By Cathy Speck
I’m asking our tax-paying community members to make a gift of $25 or more on line 414-ALS/Lou Gehrig Disease Research Fund of your California tax return. If the ALS Association doesn’t raise a minimum of $250,000 this year, we will lose our place on the tax form forever. Preserving line 414 will help to build more awareness throughout California every year!
ALS (Lou Gehrig’s disease) is a fatal neurodegenerative disease that occurs throughout the world, with no racial, ethnic or socioeconomic boundaries. It is not contagious, and there is no cure.
Approximately 90 percent of ALS cases are sporadic, meaning it can happen to anyone at any time, or place. The remaining 10 percent have familial ALS, which is defined as two or more people in the immediate family having ALS. Within the familial cases, a small number are caused by genetic mutations that are present at birth, The SOD1 mutation that is impacting my family counts for only 2 percent of all ALS cases. We are a rare family indeed.
I have the SOD1 mutation that also killed my mom, Dorothy, and older brothers Paul and Larry Speck. The remainder of my siblings — Barb, Peggy, Jim and Mary — each have a 50 percent chance of inheriting the mutation. All children born from a parent who has the SOD1 mutation are at the same 50 percent risk. The percentages to not decrease as the generations continue.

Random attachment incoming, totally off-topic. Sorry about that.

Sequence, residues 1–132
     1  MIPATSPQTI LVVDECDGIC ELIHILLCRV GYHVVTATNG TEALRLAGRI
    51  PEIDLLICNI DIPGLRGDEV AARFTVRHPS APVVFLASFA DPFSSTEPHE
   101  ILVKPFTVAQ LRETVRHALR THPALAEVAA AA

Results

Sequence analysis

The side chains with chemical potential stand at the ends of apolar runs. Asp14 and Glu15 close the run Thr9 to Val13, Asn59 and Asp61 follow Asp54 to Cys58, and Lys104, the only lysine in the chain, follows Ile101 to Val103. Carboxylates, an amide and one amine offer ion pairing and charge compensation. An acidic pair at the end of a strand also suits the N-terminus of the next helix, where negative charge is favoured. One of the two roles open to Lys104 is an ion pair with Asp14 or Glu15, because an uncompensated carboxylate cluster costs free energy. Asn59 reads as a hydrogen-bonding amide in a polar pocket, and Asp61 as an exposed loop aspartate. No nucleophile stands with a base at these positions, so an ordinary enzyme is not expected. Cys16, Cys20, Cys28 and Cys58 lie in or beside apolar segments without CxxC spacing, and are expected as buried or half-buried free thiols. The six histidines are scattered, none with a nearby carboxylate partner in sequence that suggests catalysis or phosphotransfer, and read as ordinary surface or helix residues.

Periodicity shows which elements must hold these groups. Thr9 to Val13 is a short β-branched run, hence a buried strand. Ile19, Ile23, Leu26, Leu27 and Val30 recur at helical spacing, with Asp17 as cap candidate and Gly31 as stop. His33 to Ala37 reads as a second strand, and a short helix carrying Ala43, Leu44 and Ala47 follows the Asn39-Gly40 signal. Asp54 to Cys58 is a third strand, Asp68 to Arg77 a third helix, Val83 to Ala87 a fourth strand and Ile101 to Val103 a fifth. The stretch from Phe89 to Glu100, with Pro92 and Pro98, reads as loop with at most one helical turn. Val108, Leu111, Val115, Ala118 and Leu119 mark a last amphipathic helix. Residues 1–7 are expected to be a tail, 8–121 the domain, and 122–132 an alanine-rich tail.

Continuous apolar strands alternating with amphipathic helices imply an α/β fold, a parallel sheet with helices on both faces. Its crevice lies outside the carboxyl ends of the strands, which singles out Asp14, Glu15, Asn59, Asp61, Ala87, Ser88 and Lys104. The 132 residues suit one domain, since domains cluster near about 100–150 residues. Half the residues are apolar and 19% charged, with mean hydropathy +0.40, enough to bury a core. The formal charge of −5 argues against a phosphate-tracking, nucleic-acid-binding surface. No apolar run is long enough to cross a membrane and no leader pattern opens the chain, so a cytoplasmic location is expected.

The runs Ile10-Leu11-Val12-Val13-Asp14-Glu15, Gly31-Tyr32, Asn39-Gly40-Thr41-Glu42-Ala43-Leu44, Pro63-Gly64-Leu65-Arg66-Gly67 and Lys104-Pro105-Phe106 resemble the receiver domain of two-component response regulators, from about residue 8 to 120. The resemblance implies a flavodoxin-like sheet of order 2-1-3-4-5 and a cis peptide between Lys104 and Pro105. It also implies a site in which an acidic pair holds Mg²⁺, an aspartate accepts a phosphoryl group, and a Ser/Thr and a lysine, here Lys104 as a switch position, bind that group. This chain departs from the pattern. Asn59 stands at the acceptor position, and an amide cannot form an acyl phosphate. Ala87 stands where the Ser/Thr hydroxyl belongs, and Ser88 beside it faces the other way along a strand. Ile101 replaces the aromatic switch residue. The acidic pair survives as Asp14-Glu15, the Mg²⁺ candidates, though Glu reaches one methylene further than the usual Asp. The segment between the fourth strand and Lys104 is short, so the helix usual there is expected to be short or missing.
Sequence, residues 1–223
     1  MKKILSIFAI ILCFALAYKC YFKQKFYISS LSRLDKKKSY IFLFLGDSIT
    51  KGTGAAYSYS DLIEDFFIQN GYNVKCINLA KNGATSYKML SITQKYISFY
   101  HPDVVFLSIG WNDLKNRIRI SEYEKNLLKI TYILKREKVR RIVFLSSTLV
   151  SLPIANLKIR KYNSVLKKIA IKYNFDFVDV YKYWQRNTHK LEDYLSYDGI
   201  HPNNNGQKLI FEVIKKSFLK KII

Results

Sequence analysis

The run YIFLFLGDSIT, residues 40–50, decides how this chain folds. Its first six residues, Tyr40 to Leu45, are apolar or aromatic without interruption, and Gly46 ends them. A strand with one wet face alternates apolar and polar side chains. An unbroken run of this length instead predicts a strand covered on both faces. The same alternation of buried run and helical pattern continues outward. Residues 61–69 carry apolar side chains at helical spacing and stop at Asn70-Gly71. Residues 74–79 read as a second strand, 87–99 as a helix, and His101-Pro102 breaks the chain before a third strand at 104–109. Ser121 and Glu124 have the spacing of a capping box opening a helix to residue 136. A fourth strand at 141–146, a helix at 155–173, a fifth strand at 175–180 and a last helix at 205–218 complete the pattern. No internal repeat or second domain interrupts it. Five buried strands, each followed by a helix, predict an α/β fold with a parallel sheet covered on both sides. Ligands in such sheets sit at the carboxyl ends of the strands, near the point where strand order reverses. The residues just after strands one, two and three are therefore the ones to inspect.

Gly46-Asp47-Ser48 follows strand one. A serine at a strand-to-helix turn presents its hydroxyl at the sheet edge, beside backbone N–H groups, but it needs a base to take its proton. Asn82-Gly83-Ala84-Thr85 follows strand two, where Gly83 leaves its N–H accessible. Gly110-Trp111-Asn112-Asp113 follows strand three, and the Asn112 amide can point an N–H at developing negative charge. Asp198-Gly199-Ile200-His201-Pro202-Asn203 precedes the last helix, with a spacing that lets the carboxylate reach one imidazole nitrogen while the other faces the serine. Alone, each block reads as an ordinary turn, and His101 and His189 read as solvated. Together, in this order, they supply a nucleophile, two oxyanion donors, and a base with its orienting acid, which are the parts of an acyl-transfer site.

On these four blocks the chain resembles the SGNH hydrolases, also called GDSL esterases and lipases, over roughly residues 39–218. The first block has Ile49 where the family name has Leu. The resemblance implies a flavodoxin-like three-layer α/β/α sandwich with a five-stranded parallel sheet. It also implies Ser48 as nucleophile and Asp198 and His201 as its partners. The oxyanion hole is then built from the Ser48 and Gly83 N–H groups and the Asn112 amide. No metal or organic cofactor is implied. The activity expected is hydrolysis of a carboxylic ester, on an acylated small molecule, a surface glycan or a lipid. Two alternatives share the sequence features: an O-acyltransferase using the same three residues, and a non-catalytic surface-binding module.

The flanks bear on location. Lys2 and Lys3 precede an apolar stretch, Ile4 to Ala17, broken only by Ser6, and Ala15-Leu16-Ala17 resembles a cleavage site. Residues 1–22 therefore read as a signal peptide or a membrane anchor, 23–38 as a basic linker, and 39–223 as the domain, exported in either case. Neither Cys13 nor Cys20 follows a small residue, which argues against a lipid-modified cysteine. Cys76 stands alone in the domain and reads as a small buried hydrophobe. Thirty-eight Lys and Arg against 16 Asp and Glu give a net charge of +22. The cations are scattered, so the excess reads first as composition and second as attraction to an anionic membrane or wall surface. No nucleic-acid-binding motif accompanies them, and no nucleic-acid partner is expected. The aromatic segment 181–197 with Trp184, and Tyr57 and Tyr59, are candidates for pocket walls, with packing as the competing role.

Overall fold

Approximately 5,600 people in the United States are diagnosed with ALS each year. The incidence of ALS is two per 100,000 people, and it is estimated that as many as 30,000 Americans may have the disease at any given time. Although the life expectancy of an ALS patient averages about two to five years from the time of diagnosis, this disease is variable, and many people live with quality for five years and more. More than half of all patients live more than three years after diagnosis.
There is no cure. But now is the most important time to raise awareness about this opportunity as most people file their tax returns just before April 15. Your efforts will be giving hope to hundreds of thousands of people impacted by this disease. Every day, people being diagnosed and others are losing their battle. Having line 414 on the California tax return allows every donation, large or small, to make a difference in finding treatments and, eventually, a cure for ALS.
This is a battle that the ALS community cannot win alone. We need to recruit every California taxpayer to help us in the fight against Lou Gehrig’s disease!
The onset of ALS is insidious, with muscle weakness or stiffness as early symptoms. Progression of weakness, wasting and paralysis of the muscles of the limbs and trunk as well as those that control vital functions such as speech, swallowing and later breathing, generally follows. Almost 90 percent of ALS patients die of respiratory failure,
More information about the ALS tax check-off is at www.alsa.org. Please make your own gift of $25 or more on line 414-ALS/Lou Gehrig Disease Research Fund of your California tax return.
But that’s not all! We’ll be skydiving to benefit ALS research on Sunday, May 5, at SkyDance SkyDiving at the Yolo County Airport northwest of Davis. Learn more about the fun-filled fourth annual Skydiving Specktackular at www.cathydyingasliving.com or email me at email@example.com.
— Cathy Speck is a longtime Davis resident who continues to draw on her fighting spirit to battle ALS.